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What will the community average log-score be after the 500th question?

Consider some Metaculus question you know little about. This might be whether the star KIC 9832227 will go "red nova", whether the 2048-bit RSA cryptosystem will be broken before 256-bit Elliptic Curve Cryptography, or whether Piracetam is a more effective Alzheimer's treatment than Memantine. Your guess might be that such a difficult question might well be equally likely to resolve one way as the other.

You can expect the community to do much better. In fact, even though the community predictions are not always perfectly calibrated, you should expect it to predict an approximate average of 63% to those that resolve positively, and 37% to those that resolve negatively [1]. That's how much signal the Metaculus community are able to extract from what might seem like noise. Impressive right?

The Log score is a commonly-used scoring rule, which (relative to the Brier score) gives a larger penalty for being confident (i.e. predicting near 1 or near 99%) but being wrong. Currently (as of 06/11/18), 276 questions have been resolved and the community log score is 0.167. The lower the score, the more precise and well-calibrated the predictions are.

It also seems like Many Are Smarter Than the Few: the community log-score is currently lower (i.e. better) than the average log-score of 0.1694 of the current top 25 predictors in the rankings.

What will the community average log-score be after the resolution of the 500th question on Metaculus?

The log-score is computed as follows for a single forecast of probability , if the event occurred, and if not. The scaling is chosen such that it matches the Brier score for a 50% prediction.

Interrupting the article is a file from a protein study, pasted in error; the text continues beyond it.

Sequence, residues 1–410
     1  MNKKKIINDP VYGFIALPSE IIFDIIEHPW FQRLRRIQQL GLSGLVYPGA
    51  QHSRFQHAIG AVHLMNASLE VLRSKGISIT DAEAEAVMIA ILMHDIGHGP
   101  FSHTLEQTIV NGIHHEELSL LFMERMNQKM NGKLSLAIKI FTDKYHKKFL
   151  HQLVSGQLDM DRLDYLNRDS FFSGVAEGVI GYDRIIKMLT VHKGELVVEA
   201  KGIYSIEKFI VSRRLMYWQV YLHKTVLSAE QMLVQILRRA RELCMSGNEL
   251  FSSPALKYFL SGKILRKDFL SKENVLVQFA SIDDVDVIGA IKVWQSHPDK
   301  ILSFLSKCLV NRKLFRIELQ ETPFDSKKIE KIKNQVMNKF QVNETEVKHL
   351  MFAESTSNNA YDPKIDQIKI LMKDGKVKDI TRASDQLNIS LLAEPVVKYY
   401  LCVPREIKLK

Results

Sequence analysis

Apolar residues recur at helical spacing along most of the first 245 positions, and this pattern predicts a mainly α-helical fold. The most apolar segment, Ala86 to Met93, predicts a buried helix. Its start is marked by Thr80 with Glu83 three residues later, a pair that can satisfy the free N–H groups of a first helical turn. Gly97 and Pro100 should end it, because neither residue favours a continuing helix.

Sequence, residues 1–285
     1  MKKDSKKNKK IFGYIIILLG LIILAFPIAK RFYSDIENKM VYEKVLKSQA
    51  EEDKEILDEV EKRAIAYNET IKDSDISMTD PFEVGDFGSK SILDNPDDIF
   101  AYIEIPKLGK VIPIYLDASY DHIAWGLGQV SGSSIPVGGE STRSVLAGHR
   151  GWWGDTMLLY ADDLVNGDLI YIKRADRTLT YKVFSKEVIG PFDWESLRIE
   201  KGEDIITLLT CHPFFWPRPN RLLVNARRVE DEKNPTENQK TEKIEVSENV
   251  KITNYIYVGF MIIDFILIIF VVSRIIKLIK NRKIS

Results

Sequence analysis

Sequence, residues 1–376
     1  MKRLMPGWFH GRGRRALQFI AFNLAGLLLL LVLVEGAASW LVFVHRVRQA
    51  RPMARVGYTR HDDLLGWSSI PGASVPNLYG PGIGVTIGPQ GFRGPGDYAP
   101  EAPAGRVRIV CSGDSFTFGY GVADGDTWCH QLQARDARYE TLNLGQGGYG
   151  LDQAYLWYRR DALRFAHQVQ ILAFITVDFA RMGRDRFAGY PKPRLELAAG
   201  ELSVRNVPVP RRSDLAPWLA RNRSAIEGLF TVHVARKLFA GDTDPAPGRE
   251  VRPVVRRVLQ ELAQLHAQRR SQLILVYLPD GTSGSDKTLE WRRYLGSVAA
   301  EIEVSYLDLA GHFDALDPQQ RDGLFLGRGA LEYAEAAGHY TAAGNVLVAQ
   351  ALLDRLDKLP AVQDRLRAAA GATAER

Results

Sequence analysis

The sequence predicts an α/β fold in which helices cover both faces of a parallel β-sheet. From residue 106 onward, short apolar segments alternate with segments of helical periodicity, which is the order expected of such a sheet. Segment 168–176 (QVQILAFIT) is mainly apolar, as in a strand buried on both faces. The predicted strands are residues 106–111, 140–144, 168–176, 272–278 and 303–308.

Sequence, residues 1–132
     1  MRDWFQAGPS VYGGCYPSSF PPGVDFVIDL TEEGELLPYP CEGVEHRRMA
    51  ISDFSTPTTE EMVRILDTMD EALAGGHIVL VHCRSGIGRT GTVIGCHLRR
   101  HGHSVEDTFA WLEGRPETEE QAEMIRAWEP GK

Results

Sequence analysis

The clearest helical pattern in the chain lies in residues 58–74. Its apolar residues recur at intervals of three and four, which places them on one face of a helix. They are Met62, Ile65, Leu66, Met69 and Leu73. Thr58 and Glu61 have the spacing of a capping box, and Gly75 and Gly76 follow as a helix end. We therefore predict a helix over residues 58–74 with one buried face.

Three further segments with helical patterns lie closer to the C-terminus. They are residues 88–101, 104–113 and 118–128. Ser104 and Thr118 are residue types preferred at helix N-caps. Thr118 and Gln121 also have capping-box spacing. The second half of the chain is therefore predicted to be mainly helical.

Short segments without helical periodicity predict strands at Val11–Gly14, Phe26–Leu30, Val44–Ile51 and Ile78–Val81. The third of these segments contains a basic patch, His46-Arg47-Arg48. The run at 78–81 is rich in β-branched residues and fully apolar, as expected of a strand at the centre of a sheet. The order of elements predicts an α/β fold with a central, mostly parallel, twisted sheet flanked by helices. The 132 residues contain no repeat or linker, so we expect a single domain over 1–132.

[1] This is a back-of-the-envelope estimate. I assume that the success rates are on average 5% removed from predictions made (imperfect calibration). Then, given a log score of 0.167 you would expect if .


Metaculus help: Predicting

Predictions are the heart of Metaculus. Predicting is how you contribute to the wisdom of the crowd, and how you earn points and build up your personal Metaculus track record.

The basics of predicting are very simple: move the slider to best match the likelihood of the outcome, and click predict. You can predict as often as you want, and you're encouraged to change your mind when new information becomes available. With tachyons you'll even be able to go back in time and backdate your prediction to maximize your points.

The displayed score is split into current points and total points. Current points show how much your prediction is worth now, whereas total points show the combined worth of all of your predictions over the lifetime of the question. The scoring details are available on the FAQ.

Note: this question resolved before its original close time. All of your predictions came after the resolution, so you did not gain (or lose) any points for it.

Note: this question resolved before its original close time. You earned points up until the question resolution, but not afterwards.

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Community Stats

Metaculus help: Community Stats

Use the community stats to get a better sense of the community consensus (or lack thereof) for this question. Sometimes people have wildly different ideas about the likely outcomes, and sometimes people are in close agreement. There are even times when the community seems very certain of uncertainty, like when everyone agrees that event is only 50% likely to happen.

When you make a prediction, check the community stats to see where you land. If your prediction is an outlier, might there be something you're overlooking that others have seen? Or do you have special insight that others are lacking? Either way, it might be a good idea to join the discussion in the comments.